Skippers Canyon is without a doubt one of the areas which you have to visit if you are interested in seeing New Zealand and its breathtaking nature. It is also the area you should not miss out on if you are interested in learning a bit about Queenstown's history.
At the turn of the last century, goldminers swarmed the Queenstown area and tried to find their luck here. History tells us that some goldminers found their fortune only by chance. As an example, a goldminer had his dog with him, as he was travelling through Skippers Canyon, looking for the perfect spot to define his claim. The dog fell into the river, the Shotover River and nearly drowned. The goldminer jumped after this dog and eventually saved it. As soon as the 2 of them very safely ashore again, the goldminer saw some shining little flakes on the fur of this beloved dog and so he discovered his claim.
There are many stories about the goldmining history of Skippers. They are all fascinating and very, very interesting. Other stories were brought to us by children who used to live at Skippers Point. You can read about their experiences here in this blog. Please browse my other entries.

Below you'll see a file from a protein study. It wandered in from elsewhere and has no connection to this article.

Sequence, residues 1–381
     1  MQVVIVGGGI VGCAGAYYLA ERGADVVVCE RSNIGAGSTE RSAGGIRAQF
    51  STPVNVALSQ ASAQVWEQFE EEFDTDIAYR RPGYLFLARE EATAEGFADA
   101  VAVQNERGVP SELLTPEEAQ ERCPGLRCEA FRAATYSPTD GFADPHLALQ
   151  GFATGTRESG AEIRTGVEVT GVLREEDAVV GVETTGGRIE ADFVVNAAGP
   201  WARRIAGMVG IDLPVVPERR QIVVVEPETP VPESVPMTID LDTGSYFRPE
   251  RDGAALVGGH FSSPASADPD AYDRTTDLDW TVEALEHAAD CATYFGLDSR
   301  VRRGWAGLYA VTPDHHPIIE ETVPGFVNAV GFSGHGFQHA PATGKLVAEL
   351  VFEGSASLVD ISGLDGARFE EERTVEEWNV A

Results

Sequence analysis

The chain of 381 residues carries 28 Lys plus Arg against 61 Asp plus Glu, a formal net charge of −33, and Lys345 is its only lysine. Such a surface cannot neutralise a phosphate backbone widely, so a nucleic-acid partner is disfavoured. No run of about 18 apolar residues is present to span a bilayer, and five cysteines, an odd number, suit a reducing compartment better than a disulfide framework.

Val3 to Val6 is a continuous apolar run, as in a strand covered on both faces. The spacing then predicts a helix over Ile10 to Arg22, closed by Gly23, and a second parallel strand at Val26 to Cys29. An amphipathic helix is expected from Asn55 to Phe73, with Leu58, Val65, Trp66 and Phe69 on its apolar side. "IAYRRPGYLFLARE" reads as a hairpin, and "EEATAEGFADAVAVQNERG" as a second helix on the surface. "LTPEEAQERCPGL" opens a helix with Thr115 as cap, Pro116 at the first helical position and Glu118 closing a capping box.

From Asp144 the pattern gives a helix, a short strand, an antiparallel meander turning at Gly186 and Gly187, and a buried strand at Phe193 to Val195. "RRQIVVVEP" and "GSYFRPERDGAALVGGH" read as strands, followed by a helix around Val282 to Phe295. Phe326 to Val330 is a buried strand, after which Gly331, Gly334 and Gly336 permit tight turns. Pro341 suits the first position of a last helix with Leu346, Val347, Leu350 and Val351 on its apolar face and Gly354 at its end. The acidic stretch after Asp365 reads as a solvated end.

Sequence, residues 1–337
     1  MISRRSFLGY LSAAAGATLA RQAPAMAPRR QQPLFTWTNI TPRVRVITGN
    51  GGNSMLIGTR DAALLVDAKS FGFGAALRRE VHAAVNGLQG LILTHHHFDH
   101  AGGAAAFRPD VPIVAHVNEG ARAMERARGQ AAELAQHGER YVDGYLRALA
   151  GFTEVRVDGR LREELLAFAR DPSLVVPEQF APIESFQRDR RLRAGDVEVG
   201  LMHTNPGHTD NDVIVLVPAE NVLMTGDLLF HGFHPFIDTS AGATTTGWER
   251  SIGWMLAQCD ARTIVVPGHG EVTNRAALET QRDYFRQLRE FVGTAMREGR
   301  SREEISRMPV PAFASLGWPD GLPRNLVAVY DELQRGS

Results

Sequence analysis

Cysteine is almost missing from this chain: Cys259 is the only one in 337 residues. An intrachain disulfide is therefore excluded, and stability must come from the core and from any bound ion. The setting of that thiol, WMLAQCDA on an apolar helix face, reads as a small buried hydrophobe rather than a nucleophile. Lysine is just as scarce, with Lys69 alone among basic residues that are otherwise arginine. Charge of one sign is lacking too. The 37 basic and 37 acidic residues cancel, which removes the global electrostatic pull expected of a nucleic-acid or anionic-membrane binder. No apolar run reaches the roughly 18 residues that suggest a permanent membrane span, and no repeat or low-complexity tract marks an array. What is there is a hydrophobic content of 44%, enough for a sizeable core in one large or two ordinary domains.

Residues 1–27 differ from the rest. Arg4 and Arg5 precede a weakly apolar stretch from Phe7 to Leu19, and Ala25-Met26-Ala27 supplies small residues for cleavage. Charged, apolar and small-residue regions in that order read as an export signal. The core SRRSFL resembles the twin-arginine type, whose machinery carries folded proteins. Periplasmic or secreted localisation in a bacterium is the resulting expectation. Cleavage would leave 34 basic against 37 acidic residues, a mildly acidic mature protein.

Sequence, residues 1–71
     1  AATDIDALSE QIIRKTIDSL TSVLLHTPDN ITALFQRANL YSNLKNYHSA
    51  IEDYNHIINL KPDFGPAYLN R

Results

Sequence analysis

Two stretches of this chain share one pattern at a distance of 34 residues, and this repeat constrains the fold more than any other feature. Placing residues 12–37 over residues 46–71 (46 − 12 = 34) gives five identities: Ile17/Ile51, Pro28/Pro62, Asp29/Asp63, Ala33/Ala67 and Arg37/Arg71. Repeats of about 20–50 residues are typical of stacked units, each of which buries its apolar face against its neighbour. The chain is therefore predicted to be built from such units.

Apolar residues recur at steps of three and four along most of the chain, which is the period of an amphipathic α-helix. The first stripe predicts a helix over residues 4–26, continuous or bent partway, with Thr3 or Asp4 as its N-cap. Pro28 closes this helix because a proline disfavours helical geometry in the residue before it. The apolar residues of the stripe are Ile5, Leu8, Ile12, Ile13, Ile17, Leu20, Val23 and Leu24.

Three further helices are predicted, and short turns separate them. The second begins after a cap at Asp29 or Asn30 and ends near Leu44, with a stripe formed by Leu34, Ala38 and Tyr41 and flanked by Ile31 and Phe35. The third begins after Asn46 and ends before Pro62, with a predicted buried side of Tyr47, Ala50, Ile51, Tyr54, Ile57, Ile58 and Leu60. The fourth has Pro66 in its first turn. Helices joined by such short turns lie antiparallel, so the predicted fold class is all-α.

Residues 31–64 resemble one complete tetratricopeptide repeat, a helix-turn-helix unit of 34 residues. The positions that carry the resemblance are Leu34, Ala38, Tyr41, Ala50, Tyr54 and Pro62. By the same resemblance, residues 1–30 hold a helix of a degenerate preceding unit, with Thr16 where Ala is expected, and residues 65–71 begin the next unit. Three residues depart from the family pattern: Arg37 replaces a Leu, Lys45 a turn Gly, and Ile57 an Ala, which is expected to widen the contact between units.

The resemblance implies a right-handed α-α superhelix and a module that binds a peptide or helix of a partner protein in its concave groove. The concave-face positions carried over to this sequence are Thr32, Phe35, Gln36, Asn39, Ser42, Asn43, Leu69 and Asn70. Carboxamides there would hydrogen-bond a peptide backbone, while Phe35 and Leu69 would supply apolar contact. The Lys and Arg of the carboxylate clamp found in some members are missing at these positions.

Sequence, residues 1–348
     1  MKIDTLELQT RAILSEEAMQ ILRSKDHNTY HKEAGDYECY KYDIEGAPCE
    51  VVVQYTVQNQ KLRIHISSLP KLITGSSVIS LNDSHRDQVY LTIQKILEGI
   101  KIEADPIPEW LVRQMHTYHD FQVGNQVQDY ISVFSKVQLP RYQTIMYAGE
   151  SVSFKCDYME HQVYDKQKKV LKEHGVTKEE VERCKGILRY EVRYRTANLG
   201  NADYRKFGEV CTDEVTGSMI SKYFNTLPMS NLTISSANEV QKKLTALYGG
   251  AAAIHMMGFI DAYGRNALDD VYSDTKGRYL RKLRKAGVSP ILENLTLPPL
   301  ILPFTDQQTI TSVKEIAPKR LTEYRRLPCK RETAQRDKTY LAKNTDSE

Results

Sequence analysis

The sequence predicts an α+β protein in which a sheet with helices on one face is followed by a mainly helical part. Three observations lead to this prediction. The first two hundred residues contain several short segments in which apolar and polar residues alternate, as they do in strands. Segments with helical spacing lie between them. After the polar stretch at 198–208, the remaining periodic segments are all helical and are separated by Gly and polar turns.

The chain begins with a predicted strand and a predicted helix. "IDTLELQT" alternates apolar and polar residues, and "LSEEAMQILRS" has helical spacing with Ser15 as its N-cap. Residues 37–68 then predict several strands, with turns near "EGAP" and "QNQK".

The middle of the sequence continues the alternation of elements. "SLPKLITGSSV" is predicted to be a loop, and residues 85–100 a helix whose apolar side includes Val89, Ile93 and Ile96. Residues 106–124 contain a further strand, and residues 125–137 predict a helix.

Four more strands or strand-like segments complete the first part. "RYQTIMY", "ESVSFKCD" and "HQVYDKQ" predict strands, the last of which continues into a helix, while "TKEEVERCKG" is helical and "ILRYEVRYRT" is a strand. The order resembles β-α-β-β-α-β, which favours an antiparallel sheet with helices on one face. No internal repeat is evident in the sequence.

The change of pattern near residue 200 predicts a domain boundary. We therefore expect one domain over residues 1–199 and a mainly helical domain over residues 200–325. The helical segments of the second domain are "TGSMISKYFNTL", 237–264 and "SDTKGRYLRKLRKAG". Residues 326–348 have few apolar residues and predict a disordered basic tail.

The goldminers certainly left us their spirit of Explorers and Fortune-Seekers. This very spirit defines to a certain part people living in New Zealand, in particular in Queenstown. We have an idea, think a little about it and then get it done.
But there are other things the goldminers left us: some very visual 'left-overs'. They certainly did not think about the environment and basically about the damage they create while trying everything to find gold. They diverted the Shotover River several times, washed down whole parts of ridges and mountains and they brought plants and trees to the area which create a real challenge for New Zealand native plants.
Anyway: New Zealand is such a young country and the history of Skippers Canyon is even younger. The goldminers did certainly leave us plenty of things to enjoy and to think about. I invite you to join one of our tours so that you can experience this living history for yourself.
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